One thing’s for sure, the orthopedist owners of E-Z leg made out like bandits. John Galsworthy became so disillusioned with his push for “sacred work” that he wrote, “Empty promises and rhetoric of heroism… The war killed the self-importance, faith and idealism in me.” He never spoke of vocational rehabilitation for war veterans again.
As I watched the NBC nightly news yesterday, I noted an interview with a young Marine recovering from bilateral leg amputations (caused by an IED explosion in Iraq) at Walter Reed. When asked if he was worried about walking again he simply replied, “I don’t worry about that. With the artificial legs they have these days, I’ll probably be better than ever.”
And I thought to myself, “the more things change, the more they stay the same.”This post originally appeared on Dr. Val’s blog at RevolutionHealth.com.
I had the chance to interview Drs. Carmona, Satcher, and Novello about the current state of America’s war on cancer. I’ll post each conversation in a separate blog entry. This post explores Dr. Novello’s views on creating a healthcare navigation system for patients with cancer.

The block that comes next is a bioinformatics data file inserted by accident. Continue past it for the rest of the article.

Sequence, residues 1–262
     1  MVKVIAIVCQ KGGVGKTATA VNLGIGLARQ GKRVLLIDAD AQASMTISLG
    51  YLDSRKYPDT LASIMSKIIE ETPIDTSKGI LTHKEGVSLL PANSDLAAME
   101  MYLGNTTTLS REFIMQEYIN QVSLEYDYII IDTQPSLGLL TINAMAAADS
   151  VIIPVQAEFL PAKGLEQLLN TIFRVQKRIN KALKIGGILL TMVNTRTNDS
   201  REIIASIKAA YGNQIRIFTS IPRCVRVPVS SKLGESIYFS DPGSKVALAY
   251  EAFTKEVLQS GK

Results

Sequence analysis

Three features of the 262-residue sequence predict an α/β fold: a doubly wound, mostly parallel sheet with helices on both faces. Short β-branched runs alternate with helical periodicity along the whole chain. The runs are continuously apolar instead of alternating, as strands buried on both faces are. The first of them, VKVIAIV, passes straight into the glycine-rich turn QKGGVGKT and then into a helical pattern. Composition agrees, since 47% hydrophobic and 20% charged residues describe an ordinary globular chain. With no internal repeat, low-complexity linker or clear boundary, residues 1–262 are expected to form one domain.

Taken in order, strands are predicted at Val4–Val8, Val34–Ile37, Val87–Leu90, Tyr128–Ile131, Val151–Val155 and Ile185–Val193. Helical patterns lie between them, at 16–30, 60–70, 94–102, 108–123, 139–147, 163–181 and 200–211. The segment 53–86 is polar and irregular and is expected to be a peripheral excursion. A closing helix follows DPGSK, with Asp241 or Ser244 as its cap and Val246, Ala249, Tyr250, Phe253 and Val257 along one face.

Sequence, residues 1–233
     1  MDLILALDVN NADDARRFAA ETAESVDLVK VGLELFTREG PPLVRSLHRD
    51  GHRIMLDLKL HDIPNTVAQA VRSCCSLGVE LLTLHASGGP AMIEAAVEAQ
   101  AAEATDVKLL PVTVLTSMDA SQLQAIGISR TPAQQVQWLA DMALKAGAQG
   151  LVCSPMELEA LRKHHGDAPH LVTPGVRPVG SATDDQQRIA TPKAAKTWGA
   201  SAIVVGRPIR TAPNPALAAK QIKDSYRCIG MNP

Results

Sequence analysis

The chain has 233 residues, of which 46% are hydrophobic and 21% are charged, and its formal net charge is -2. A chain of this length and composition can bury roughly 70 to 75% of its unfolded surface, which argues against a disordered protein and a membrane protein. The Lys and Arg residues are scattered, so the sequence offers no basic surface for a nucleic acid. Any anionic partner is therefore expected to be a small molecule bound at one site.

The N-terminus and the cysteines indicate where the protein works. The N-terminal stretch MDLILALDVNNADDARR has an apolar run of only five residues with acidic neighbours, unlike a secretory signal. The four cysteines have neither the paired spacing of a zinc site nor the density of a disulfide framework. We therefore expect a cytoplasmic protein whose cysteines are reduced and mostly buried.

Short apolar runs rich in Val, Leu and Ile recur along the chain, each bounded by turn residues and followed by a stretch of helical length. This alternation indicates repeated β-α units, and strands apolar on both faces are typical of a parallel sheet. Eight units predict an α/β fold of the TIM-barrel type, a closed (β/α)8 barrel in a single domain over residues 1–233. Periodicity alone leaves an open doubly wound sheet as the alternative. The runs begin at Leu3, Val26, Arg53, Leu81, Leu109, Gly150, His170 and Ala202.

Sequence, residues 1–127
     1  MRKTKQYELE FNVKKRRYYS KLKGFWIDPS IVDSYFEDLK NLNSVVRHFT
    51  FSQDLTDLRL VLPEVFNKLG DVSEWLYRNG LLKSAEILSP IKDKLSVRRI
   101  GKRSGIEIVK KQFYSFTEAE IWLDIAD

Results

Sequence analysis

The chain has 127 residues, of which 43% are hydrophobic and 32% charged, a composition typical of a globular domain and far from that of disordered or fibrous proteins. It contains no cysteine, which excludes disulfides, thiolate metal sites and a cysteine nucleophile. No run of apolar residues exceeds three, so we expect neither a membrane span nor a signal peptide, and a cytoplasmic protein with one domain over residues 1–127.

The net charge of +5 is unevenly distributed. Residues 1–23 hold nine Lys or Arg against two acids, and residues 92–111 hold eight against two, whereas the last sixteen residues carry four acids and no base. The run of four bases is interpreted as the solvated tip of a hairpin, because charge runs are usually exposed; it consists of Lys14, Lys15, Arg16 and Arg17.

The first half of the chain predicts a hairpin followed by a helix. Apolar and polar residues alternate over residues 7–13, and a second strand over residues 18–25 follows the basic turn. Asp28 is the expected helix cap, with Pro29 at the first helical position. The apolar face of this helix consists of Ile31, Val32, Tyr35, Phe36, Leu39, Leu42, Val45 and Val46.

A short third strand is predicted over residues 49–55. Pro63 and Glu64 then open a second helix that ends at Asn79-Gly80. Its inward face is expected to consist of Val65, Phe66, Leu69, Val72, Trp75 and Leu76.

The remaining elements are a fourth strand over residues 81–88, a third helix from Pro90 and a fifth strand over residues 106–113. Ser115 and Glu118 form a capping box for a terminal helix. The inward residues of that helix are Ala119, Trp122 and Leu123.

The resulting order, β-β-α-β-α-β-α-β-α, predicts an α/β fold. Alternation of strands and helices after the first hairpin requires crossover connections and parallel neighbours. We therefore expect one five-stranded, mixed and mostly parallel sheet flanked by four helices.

Dr. Val: How are cancer patients navigating the system currently?
Dr. Novello: They are relying primarily on their oncologists to help them navigate. But even though oncologists want to help their patients as much as possible, the reality is that they are taking care of thousands of patients at a time and simply don’t have the bandwidth to assist with the level of detail necessary.
Cancer is extremely complicated and patient care is not just about diagnosis, staging, and treatment. It also includes tests for genetic markers, coordination of genetic counseling, finding appropriate clinical trials for the patients to participate in, locating a continuity of care supervisor, rehabilitation services, scheduling chemotherapy, radiation, and surgical treatments.
Cancer doesn’t happen in a vacuum – patients also have other medical conditions that need to be managed along with the cancer diagnosis. In addition, one must create a comprehensive follow up plan for survivors, including scheduling of surveillance tests to identify possible recurrences. If a cure is not an option, then palliative care and hospice services must be coordinated. In addition to that, patients must create a living will, designate someone to have power of attorney over their care, and prepare for the legal aspects of their passing. This is why a diagnosis of cancer can be overwhelming to most people, and they are in desperate need of a structured program to help them navigate the complexities and to ensure that the ball is not dropped anywhere along the way.